Their experience of living on both sides of the wall made the five friends keenly aware of the devastating effect it had on the lives of so many German citizens. They were therefore infuriated to see the wall dismissed by many in the western world as “little more than a big canvas. They just didn’t care what was going on behind it.” The willingness of the West German authorities to pander to the wishes of a famous American artist was particularly irksome, and the five friends decided to retaliate when Haring’s paint was barely dry.

berlin wall 2.jpg

On 3 November 1986, armed with paint rollers and buckets, and wearing masks to conceal their faces, Willmann, Schuster, Hasch, and the Onisseit brothers embarked on their daring feat. They continued to paint an uneven white line for several hours, until eagle-eyed East German border guards surprised them by appearing through a secret door and dragged Hasch back to the GDR, where he spent 3 months in prison before returning to West Berlin.

As The Guardian newspaper reports, the men today give a number of reasons why they chose to paint on the wall, ranging from a desire to feel empowered and proclaim their move to West Germany, to a protest against the complacency of those fortunate enough to be living on the western side. In a surprising development, only in 2010 when Willmann began researching for a book about the project, did it come to light that Jürgen Onisseit – the friend who had first suggested the white line action – had once been a Stasi informant. In a bitter irony, this revelation has created a more unassailable division between the friends and brothers than any concrete wall.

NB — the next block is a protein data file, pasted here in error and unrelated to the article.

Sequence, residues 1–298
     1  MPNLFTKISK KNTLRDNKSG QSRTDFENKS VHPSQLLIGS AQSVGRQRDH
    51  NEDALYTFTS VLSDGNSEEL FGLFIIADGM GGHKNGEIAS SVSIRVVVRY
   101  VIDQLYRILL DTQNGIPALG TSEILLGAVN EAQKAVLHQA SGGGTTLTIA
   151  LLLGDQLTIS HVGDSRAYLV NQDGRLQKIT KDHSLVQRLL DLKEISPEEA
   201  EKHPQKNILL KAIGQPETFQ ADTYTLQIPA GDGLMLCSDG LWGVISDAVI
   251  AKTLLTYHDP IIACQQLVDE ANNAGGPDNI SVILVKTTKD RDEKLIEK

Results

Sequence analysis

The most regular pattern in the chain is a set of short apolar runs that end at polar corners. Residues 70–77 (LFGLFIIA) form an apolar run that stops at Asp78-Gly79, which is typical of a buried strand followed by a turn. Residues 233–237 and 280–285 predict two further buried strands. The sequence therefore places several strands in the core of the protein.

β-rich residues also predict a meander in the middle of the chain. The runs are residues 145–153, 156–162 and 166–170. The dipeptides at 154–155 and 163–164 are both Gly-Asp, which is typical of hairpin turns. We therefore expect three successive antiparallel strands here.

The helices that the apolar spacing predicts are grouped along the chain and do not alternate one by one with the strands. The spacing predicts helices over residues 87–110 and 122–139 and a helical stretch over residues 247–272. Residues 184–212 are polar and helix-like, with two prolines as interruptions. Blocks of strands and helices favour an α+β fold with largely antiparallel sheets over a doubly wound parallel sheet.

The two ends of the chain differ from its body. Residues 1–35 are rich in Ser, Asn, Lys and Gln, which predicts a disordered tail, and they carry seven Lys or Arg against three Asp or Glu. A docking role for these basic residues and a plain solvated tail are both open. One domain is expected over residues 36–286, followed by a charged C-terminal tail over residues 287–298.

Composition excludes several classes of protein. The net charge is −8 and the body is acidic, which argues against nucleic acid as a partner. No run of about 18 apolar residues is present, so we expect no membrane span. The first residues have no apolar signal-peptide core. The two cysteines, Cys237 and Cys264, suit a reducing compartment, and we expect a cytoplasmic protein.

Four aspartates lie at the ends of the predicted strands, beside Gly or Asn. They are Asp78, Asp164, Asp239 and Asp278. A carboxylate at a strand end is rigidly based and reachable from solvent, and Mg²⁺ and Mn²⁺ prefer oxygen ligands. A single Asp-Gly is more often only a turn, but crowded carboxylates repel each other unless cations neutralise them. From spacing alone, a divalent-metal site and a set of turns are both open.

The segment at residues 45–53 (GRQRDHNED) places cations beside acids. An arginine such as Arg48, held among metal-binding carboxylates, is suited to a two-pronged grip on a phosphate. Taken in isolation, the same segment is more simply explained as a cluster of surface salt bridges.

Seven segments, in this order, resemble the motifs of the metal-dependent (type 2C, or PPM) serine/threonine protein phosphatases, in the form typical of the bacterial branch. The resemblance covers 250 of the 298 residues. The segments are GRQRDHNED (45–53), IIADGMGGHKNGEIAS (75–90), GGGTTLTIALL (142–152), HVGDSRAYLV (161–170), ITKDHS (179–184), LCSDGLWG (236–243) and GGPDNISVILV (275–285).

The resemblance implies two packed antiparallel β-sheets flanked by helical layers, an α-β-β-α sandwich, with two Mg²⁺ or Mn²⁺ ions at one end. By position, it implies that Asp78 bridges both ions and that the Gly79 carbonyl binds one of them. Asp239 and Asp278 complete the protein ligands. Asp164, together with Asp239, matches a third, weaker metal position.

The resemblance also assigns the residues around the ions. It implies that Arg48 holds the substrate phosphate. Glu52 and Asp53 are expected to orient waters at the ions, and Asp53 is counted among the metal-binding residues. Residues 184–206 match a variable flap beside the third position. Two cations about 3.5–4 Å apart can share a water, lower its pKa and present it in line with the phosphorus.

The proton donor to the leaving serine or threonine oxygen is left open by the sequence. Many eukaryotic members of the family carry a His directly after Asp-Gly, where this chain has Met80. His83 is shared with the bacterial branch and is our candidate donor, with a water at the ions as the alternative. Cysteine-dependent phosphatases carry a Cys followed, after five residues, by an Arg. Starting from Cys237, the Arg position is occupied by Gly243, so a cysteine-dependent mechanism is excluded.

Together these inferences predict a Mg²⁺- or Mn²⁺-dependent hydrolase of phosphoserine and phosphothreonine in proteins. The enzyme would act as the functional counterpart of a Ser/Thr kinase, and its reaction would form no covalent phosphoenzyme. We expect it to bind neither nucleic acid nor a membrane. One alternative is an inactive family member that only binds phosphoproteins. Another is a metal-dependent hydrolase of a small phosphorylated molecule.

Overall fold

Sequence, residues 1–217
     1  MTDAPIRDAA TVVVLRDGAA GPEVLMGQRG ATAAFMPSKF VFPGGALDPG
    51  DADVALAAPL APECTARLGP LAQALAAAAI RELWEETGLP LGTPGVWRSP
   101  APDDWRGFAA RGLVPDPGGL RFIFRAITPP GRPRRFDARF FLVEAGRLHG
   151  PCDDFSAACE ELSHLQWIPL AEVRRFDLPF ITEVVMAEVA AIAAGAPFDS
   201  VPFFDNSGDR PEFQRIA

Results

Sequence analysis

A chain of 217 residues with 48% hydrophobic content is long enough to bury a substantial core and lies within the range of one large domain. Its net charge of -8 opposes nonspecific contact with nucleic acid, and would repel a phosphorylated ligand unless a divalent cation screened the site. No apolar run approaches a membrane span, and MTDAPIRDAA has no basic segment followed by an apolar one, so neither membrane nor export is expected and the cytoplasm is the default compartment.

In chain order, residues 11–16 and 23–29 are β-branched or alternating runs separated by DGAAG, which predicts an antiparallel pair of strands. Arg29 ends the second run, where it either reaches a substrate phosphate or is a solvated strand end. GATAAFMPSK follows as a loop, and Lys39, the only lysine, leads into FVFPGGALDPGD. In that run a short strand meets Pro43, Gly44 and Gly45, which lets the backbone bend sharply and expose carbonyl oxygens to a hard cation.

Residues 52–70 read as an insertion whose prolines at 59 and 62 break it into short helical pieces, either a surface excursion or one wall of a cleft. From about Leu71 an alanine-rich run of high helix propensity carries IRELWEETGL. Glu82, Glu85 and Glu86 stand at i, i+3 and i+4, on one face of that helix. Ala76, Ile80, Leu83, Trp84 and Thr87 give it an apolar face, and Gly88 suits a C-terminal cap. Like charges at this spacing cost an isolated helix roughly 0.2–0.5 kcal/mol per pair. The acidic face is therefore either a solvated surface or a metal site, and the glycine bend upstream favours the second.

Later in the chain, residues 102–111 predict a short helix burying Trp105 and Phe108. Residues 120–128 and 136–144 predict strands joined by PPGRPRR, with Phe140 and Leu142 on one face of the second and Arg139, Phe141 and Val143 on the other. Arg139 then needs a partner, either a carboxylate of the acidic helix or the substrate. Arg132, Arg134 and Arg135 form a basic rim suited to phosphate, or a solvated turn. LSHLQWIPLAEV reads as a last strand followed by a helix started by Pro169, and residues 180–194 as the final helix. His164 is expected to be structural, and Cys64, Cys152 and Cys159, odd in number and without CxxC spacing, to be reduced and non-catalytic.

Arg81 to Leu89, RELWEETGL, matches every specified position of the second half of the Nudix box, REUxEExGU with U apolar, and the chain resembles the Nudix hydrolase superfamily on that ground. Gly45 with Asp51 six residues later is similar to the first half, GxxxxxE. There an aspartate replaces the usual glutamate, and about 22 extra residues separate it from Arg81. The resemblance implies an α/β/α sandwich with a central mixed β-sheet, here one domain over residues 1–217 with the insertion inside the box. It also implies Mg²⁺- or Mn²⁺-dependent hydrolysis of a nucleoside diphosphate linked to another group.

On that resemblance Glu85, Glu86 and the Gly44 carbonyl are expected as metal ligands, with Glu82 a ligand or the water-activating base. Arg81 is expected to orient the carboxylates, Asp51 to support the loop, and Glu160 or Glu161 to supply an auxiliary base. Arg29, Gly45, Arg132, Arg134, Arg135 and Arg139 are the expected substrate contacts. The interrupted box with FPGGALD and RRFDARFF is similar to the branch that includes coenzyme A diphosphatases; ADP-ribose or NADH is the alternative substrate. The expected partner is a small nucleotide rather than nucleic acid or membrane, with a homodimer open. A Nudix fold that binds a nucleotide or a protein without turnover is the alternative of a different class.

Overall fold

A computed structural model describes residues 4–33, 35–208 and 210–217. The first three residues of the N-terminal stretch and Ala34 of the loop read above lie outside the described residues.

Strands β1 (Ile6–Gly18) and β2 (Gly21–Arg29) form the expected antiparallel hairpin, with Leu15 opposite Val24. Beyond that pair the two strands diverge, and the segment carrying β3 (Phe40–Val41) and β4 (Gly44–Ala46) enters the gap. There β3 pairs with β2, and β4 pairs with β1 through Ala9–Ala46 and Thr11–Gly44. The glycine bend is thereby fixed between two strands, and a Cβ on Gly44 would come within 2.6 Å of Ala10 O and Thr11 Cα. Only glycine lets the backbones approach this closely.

Nuclear Art in the Swinging Sixties

When Colin Self began his studies at London’s Slade School of Fine Art in 1961, Britain and the wider world were in the midst of a terrifying year. The ever-present threat of nuclear war reached a crisis point in the aftermath of the disastrous Bay of Pigs Invasion, while Yuri Gagarin’s pioneering space flight in April and the installation of the Berlin Wall in August signalled a dramatic shift in East-West relations. The prevailing sense of unease would seep into the young artist’s work at the height of the Swinging Sixties.

Colin Self’s visit to the United States in 1962, the year of the Cuban Missile Crisis, and again in 1965, inspired a series of disturbing works on the theme of the nuclear threat. Adopting Pop Art principles, Self blended everyday materials and consumer imagery to create works with a sense of menace that subverted the comfortable or desirable associations of their components. In those early days, recurring motifs in Self’s drawings, paintings, prints and sculptures included the fall-out shelter and the nuclear bomber.